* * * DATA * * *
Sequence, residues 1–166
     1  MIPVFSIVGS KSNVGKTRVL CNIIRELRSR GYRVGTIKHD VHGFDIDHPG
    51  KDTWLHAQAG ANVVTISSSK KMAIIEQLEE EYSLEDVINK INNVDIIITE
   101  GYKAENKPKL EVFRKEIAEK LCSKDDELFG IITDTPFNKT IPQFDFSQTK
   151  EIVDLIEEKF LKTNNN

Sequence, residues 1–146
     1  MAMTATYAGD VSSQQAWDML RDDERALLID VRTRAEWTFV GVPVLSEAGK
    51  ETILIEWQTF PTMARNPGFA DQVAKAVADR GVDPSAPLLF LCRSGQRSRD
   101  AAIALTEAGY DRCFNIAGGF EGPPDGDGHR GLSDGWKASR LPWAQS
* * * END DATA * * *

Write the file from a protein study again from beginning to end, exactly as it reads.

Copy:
Sequence, residues 1–166
     1  MIPVFSIVGS KSNVGKTRVL CNIIRELRSR GYRVGTIKHD VHGFDIDHPG
    51  KDTWLHAQAG ANVVTISSSK KMAIIEQLEE EYSLEDVINK INNVDIIITE
   101  GYKAENKPKL EVFRKEIAEK LCSKDDELFG IITDTPFNKT IPQFDFSQTK
   151  EIVDLIEEKF LKTNNN

Sequence, residues 1–146
     1  MAMTATYAGD VSSQQAWDML RDDERALLID VRTRAEWTFV GVPVLSEAGK
    51  ETILIEWQTF PTMARNPGFA DQVAKAVADR GVDPSAPLLF LCRSGQRSRD
   101  AAIALTEAGY DRCFNIAGGF EGPPDGDGHR GLSDGWKASR LPWAQS